The glory of being a #girlboss, the all-nighters we pull proudly, the never-ending workweek, the constant need for an escape. Or in other words - just some of the “benefits” that come from being a part of the hustle culture.
Ah, the hustle culture! “Work until you drop”, “sleep is overrated”, and “positivity is key”, even if it is fake! Isn't it lovely to be part of a generation that bases their self-worth on a job position and productivity checks. You bet, it is..not. Read on!
I was raised to love and dream of this. Growing up as a “zennial”, which means I am one of the lucky ones, born right in the middle of two generations, I was strongly influenced by millennials’ hustle lifestyle. Thanks to the rise of social media, the #ThankGodIt’sMonday trend did not catch me by surprise either. I romanticized having a well-paid job, that would give meaning to my existence. I looked up to strong and independent women. Women who seemed as if they had it all - the career, the fame, the designer bags, and most importantly, the freedom to do, and be whoever they wanted to. I was taught that working hard, pays off and that the view from the top is worth it - no matter how big the sacrifice is. No matter what the sacrifice is. This is how you create a devoted workaholic, who knows no break.. For what is worth, we keep going even with the engine light on..
Working hard - it does pay off. However, is it always worth it?
This is the question I, a 24-years old woman, with one major burnout (and probably a few unidentified ones) behind her back, and many already employed Gen Zs and Millennials, are asking themselves these days.
Statistics suggest that the end of the hustle culture might be coming to an end. And as it is crumbling down, we are witnessing the beginning of the new, so-called, “anti-ambition” era, which is all about fewer hours, better working conditions, oh yes.. and “leaving the job that makes you miserable” type of behavior. We all stand for this, don’t we?
As it looks Generations Z is setting up some new rules in the corporate (and not only) world. And as good as it sounds, will this have some long-lasting effects, and will they be only positive, in shaping the working culture of the future?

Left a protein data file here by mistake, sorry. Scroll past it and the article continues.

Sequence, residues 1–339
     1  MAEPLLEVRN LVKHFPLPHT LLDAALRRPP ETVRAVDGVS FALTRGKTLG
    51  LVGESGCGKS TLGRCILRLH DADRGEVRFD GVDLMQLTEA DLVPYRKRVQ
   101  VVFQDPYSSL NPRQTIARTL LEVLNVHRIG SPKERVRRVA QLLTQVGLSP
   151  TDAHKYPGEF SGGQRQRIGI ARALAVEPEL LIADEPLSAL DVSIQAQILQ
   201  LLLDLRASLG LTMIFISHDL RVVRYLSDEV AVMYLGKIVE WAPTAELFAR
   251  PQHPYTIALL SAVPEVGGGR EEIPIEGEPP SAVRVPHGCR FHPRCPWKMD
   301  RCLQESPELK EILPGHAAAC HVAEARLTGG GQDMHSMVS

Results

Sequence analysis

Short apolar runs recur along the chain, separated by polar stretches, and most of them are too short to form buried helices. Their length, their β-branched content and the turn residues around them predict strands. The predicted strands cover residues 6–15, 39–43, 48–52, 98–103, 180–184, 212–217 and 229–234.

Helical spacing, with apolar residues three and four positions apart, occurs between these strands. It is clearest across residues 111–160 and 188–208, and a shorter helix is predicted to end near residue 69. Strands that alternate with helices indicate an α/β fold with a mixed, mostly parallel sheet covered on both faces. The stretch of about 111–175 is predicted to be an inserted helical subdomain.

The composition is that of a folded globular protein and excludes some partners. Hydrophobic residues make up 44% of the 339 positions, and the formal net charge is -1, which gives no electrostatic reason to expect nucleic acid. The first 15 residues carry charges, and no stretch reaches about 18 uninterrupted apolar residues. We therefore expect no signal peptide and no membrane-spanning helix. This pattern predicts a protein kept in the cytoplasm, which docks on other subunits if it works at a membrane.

Is “hustle culture” purely evil, and isn’t the “anti-ambition” just the new extreme?
Born in the middle of two generations, I am pre-conditioned to be on the look for a balance, even though I fail sometimes. After all, let’s not forget - no extreme is a stranger to young people nowadays. We are mentally liable, way too easily influenced, longing for a sense of belonging - no matter the cost. Sounds familiar? Generation Z is known to be bold, risk-taking, outspoken, and authentic. But it is also the loneliness, and extremely prone to obsessions. Can we get a little too carried away with taking it easy? Is there a limit to this? After all, is it this bad to have goals, ambitions, and, as old-fashioned as it might sound, dream for a job?
These are the questions I ask myself on a regular basis now. Truth is, as an ex “go-getter”, I do not dream of a job. Living in the state of a constant “burning out” feeling, was the only way I knew how to live, but often, I wonder if I moved from one hole to digging the other. I do not dream of a job position, and sometimes I even say that I never want to work another day in my life. Really?
I call this a side effect of almost losing my fire, whilst trying to impress a society that is never ever satisfied.
This is how I see it now, after taking some time to analyze the situation - the problem of millennial’s culture was never the job, or ambition itself. It was the toxicity, the comparison, the fear of not living up to your full potential. But what I have been learning recently, is that, in order to do that, you don’t need to settle for being average, nor do you need to work yourself to death. What we are all in need of, and have the power to create, each for themselves, is a healthy work-life balance. Easier said than done, I know that. But why chase extremes and overcomplicate the picture? I have been taking more days off lately, getting off the “my day is only worthy of living if I am productive” wagon, and trying to enjoy the stillness. Of course, I did not give up on my goals, and I still strive to be the best version of myself. But I learned the hard way that the best version of myself, is my happiest one. And in order to be happy, we need to fulfil more than one need in our life - we need love, support, freedom, rest, exploration, creativity, human connections, and so much more. Truth is, when you focus on these things, you are moving forward faster than expected.